When did the two of you meet each other and eventually become friends?

I meet Mason at work; he was the first person that came up and introduced himself. Ever since then, we’ve been great friends.

Mason: Yeah, we meet at work. I noticed he was one of the only guys around that had sleeved tattoos like me, so we hit it off real quick. You're my boy blue!


How did the idea to start your own art project as a duo come about, and why Streetlight Art for the name?

We came up with Streetlight Art, because when your out doing a piece in public you're under the street lights. As far as throwing this project together, we wanted to do something that could change the world and hopefully one day not have to work for the man!

What's it like for each of you to come up with new ideas?

As for new ideas, they just start up or I might see something that catches my eye or a hot topic happening in the news. But for the most part, it's a client-based idea, someone with an idea that they want ill put on canvas

Mason: I like to put on some music and get in the zone that way. Music is another art form that helps me get ideas. Also, I like to ask friends what they would like to see painted. You can get a lot of help if you ask


How much of your work is planned, and how much is total experimentation?

I’d say 80% of my work is planned—the ideas come from clients that want work done—and the other 20% is experimental.

What kind of materials and paints do you usually use in your works?

Canvas boards is my main material. However, it depends on the customer. And for paints, we all have what we like. For me, it’s Ironlak!

Mason: I used canvas and hard boards. I mostly use spraypaint, but I also like to use acrylics to give the painting a little dimension. I love to use Ironlak or Montana cans!


What has been people's reactions to your art and what do you think of it?

Everyone that I’ve done work for absolutely loves the work, and it’s hard to not judge yourself.

Mason: All the reactions have been very supportive. I love to paint so it's a good feeling when someone appreciates it as much as I do.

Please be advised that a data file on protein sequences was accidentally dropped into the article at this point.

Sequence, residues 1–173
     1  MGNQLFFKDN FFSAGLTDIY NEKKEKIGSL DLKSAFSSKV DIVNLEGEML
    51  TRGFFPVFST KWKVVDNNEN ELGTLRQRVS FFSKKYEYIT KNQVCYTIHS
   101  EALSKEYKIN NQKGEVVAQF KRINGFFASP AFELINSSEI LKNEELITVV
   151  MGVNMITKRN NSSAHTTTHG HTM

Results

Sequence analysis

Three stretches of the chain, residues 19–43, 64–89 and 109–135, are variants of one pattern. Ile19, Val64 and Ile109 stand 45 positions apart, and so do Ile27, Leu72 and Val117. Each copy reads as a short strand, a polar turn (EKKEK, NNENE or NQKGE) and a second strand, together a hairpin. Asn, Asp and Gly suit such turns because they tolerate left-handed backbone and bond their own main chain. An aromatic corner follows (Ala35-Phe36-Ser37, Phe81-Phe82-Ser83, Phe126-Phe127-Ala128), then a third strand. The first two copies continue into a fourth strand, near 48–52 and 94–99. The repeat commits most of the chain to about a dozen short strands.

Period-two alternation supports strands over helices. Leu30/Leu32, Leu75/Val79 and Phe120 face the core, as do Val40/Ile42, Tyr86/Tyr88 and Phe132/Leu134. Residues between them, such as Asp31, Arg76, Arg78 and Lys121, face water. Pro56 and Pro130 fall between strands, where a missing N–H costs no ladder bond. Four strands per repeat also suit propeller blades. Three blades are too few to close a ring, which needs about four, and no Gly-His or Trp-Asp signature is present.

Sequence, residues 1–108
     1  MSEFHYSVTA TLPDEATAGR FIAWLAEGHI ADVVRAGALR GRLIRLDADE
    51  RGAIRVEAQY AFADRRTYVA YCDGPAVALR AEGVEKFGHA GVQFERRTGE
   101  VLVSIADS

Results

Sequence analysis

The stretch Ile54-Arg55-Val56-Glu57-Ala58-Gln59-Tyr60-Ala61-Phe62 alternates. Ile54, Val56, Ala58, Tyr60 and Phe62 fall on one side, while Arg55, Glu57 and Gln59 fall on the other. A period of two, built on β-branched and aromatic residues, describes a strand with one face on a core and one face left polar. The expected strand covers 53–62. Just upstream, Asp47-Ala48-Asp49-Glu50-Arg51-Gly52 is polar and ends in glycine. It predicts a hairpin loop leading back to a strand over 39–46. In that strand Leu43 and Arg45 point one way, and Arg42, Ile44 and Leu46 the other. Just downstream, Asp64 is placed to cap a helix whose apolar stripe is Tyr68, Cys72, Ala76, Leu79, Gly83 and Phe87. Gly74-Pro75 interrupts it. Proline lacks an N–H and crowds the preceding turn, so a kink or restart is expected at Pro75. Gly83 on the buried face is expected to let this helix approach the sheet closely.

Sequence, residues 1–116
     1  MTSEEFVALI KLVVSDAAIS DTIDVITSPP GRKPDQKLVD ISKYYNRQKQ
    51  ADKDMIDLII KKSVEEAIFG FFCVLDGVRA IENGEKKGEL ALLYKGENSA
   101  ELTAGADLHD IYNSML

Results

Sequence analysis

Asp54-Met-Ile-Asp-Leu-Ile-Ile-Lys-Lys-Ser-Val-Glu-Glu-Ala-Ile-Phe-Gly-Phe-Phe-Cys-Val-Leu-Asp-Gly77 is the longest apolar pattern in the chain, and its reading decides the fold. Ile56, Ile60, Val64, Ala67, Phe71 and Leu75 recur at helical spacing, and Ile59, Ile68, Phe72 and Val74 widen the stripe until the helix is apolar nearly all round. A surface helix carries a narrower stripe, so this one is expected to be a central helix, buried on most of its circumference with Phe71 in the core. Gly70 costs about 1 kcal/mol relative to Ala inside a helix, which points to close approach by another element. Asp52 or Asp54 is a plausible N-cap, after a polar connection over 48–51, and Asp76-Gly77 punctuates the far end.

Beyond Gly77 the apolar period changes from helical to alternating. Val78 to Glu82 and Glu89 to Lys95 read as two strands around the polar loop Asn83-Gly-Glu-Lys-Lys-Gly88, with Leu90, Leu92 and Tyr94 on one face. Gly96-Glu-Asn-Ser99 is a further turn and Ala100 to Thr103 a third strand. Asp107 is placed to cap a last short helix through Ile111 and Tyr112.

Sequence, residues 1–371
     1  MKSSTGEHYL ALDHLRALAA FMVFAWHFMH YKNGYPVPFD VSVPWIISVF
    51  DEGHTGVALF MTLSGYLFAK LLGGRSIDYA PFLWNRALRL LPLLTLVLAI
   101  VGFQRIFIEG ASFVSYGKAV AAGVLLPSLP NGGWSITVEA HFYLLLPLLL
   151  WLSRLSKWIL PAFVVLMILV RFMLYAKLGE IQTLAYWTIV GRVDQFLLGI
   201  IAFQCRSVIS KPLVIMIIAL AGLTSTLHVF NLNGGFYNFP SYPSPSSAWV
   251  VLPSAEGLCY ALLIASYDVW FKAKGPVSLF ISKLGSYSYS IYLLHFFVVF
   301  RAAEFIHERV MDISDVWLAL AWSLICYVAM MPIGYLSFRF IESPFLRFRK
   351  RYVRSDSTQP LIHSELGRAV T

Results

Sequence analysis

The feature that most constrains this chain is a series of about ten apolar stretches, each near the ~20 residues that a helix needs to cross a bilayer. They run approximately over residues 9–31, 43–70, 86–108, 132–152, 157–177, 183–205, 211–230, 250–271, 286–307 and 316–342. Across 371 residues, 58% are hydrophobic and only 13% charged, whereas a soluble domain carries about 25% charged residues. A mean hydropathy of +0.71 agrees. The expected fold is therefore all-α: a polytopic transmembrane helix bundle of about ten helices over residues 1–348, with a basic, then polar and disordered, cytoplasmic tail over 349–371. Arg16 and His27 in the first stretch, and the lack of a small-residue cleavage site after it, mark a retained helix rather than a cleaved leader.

How do you go about deciding where you'll display your pieces that you don't sell?

We’ve made a website or you can find us on Facebook! It's really through word of mouth. People can find our work through Facebook, and we also have a web page that is under construction.


I know you've had your work displayed in Dillard's up in Ogden. Where can people find your work for sale?

For anyone that is wanting to get work done they can contact us through Facebook or through email at or

What would you like people to take away from your artwork?

We want that person to know that the art we did for them means a lot to us, as it does for them! We really jut love doing this for the love of art. It is not our full-time job, as we wouldn't mind painting all day. We just really want people to look at our work and see the passion.


What can we expect from both of you and Streetlight Art over the rest of 2016?

What you can expect from us is that the art you get is 100% original. Also, getting into the art scene. We would like to participate and get our work out during events and different things happening around Salt Lake. We also want to use our artwork to help the community by donating what we can to different charities around the Wasatch Front.